From this perspective, it matters little who is or is not in the cabinet. It matters little who offered advice behind the scenes. The Chiang-Mao cabinet's most important task is to boost public confidence and change the public mood. It matters little whether this cabinet is considered a fiscal policy oriented cabinet. That is unimportant. What is important is whether it can overcome the current atmosphere of fiscal impotence. The cabinet lacks shining fiscal policy stars. The cabinet must rely on Chiang Yi-hua's leadership, on Mao Chi-kuo's management skills, on Chang Chia-chu's comprehensive governance, and on Kuan Chung-min's reason and enthusiasm. They can inspire each other. They can consult individuals and businesses, in search of answers. Only then can they achieve their goals.
In recent years, when people talk about fiscal policy oriented officials, they invariably voice nostalgia for Sun Yun-suan, Li Kuo-ting, Chao Yao-tung and other pioneering geniuses. But officials of such vision are not easy to find today, Today's political and economic environment is riddled with social divisions. Even if pioneers with their vision were to appear, it might be impossible to persuade people to trust them. Furthermore, Li Kuo-ting and others were able to lay such a solid foundation for Taiwan, not because they possessed any particular expertise in fiscal policy, but because they had an extraordinary sense of mission. They had the ability of engineers to analyze and solve problems. As a result they constantly pursued excellence. They constantly worked to realize their vision, and they constantly endeavored to surpass themselves.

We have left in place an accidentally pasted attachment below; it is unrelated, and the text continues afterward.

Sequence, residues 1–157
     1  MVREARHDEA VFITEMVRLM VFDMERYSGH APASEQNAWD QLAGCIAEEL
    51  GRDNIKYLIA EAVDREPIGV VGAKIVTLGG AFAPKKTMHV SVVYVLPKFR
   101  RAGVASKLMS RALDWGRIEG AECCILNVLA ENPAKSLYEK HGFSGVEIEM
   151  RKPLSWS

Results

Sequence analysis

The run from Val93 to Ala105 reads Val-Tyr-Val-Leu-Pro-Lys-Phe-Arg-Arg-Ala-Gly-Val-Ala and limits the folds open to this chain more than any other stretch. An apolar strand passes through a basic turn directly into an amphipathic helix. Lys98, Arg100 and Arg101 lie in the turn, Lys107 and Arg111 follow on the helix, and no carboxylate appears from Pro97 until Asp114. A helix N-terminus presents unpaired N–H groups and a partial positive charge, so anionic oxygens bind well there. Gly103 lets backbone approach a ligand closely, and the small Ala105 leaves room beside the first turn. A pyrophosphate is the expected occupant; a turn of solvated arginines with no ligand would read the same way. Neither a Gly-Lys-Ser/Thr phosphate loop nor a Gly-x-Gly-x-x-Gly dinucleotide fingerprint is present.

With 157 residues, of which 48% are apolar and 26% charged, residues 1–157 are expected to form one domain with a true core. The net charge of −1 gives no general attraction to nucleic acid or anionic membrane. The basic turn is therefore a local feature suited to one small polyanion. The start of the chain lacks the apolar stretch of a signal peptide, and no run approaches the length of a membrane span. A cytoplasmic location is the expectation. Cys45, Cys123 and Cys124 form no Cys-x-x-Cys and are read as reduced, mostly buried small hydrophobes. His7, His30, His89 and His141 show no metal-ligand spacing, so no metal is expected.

When Sun Yun-suan was ordered to form a cabinet, or Li Kuo-ting was invited to join a cabinet. their first thought was not "I've been promoted!" It was "How can I possibly fulfill this impossible mission I have been entrusted with?" Only this provided them with the impetus necessary to bring these grand plans for the nation to fruition, despite their limited authority. Chen Shui-bian was in office eight years. Ma Ying-jeou has been in office five-years. During this 13 year period, the ROC had 11 different premiers and hundreds of different cabinet members. They include ministers who served only 48 days before leaving office in a panic. They include ministers who cared more about their own image than contributing to the cabinet, and therefore hastily resigned. Today the cabinet is being reshuffled. We need not anticipate the arrival of any Superman. But we hope all cabinet members will be serious about their mission. Is that too much to expect?
The Taiwan stock market gave the Sean Chen cabinet an enthusiastic welcome. But the cabinet was a flash in the pan, and the market steadily declined. This time, Chiang Yi-hua has been ordered to form a cabinet. The market rose a mere five points. Public support was also cooler. This shows that observers are capable of evaluating the new cabinet without jumping to conclusions, based merely on outside appearance. Chiang Yi-hua has never undergone any major battles. He must show that he is capable of assuming the heavy burden of premier. He must keep his eyes and ears open, and think clearly. That is more important than constantly trying to read the president's mind.
The new cabinet is hardly scintillating. Can it exceed public expectations? That will depend on team spirit, cooperation, effort, as well as cabinet members's attitude towards their own work.
2013.02.05 04:13 am